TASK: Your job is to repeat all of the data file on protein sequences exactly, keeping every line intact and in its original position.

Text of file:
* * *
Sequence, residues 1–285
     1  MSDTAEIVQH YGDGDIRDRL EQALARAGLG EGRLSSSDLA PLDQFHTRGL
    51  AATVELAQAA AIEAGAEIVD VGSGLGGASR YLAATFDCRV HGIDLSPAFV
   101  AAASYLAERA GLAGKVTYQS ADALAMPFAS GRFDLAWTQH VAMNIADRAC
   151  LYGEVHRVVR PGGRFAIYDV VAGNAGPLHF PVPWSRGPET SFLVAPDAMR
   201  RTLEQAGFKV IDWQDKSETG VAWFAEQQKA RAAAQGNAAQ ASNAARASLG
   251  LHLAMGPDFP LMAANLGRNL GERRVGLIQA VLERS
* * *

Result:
Sequence, residues 1–285
     1  MSDTAEIVQH YGDGDIRDRL EQALARAGLG EGRLSSSDLA PLDQFHTRGL
    51  AATVELAQAA AIEAGAEIVD VGSGLGGASR YLAATFDCRV HGIDLSPAFV
   101  AAASYLAERA GLAGKVTYQS ADALAMPFAS GRFDLAWTQH VAMNIADRAC
   151  LYGEVHRVVR PGGRFAIYDV VAGNAGPLHF PVPWSRGPET SFLVAPDAMR
   201  RTLEQAGFKV IDWQDKSETG VAWFAEQQKA RAAAQGNAAQ ASNAARASLG
   251  LHLAMGPDFP LMAANLGRNL GERRVGLIQA VLERS